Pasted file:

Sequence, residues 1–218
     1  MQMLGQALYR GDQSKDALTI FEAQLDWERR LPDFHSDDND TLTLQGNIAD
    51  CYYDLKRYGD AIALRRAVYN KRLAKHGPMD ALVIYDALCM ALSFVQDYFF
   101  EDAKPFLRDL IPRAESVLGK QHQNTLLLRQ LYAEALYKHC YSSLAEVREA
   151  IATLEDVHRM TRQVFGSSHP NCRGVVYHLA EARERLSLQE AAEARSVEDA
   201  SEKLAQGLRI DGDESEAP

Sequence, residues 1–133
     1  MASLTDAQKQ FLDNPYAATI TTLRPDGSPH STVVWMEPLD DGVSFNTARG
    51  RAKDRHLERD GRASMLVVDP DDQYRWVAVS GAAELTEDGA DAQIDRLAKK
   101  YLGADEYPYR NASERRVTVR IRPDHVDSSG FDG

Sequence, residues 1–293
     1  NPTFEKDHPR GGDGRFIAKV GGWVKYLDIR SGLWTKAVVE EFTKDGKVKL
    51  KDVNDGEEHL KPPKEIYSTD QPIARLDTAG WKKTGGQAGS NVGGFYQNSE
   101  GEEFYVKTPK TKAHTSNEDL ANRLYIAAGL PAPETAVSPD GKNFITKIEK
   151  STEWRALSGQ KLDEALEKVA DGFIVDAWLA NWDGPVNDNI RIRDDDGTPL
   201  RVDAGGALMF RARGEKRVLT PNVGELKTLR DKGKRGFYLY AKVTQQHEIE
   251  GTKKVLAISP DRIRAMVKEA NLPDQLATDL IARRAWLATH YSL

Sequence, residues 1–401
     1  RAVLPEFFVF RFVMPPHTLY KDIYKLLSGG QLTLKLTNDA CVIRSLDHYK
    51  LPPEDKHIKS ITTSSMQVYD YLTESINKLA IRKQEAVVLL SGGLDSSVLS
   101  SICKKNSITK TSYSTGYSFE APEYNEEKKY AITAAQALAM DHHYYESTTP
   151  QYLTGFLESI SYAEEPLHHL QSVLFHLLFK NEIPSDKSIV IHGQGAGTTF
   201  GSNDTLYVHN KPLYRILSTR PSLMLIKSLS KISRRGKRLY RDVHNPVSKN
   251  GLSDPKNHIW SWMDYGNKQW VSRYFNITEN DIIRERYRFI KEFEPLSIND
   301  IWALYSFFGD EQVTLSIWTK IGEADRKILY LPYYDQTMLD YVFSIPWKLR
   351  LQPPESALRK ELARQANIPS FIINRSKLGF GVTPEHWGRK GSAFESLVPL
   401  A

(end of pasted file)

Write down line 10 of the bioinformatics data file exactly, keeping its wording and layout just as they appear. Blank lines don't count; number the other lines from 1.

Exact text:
   101  YLGADEYPYR NASERRVTVR IRPDHVDSSG FDG